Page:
Parents in the UK are assigning their children paid chores from the age of five to teach them the “value of money”, research suggests.
While most parents — about 28% — first put their kids to work around the house between the ages of eight and 10, a fifth put kids as young as five to work, washing dishes and hoovering to “earn their keep”, a survey of 2,000 by VoucherCodes found.
On top of this, over a third (36%) encourage their kids to start saving between the ages of five and 10, while one in 10 (11%) even do it before this.
Over half (52%) of parents say teaching their children to be “financially responsible” is something they consider important, and nearly two in five (38%) do so in the hope their children will eventually become “self-sufficient” with their cash.
Despite this, parents don’t believe their children will be financially independent until the age of 21, whether it’s because they will be paying for driving lessons (55%) or supporting them through university (47%).
One in five parents even said they’re happy to pay for holidays for their over-18-year olds, while two in three (43%) pay for their food shop and a quarter (26%) pay their rent, the survey found.
When it comes to financial independence, more than two thirds (68%) think the most significant sign is earning your own money, and more than half (52%) cited opening your own bank account — something they think children should do at 10.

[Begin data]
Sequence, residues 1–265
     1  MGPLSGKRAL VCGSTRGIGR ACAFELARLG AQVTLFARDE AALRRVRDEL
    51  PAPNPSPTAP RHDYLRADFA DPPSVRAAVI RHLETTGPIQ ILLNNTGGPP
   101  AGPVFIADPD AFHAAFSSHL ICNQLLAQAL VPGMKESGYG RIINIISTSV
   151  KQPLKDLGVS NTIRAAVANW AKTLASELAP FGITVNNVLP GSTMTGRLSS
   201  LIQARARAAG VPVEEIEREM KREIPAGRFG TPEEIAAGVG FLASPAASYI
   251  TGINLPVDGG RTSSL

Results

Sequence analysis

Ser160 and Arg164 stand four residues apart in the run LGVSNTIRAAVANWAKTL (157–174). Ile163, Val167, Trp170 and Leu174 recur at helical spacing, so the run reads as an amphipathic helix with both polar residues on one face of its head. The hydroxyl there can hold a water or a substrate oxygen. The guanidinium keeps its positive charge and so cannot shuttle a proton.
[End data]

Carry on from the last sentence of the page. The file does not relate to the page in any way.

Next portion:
This suggests “today’s children are under high pressure to be financially savvy at a young age”, VoucherCodes said.
Dads have a slightly more relaxed approach to their children’s financial education, with just two in five (39%) thinking it’s important to discuss financial responsibility with their kids, compared to almost half (47%) of mums, the survey found.
“Teaching children about money from an early age can be crucial to setting them up for a financially responsible life, and our research shows the majority of parents agree,” said Anita Naik, lifestyle editor at VoucherCodes.
“What’s interesting is that some families start this conversation from a very young age — in some cases with kids as young as five.
“Whether that’s asking them to do the dishes or wash the car, it’s clear many children are learning the value of money early, which can have really positive impacts later in life when it comes to budgeting and managing their spending.”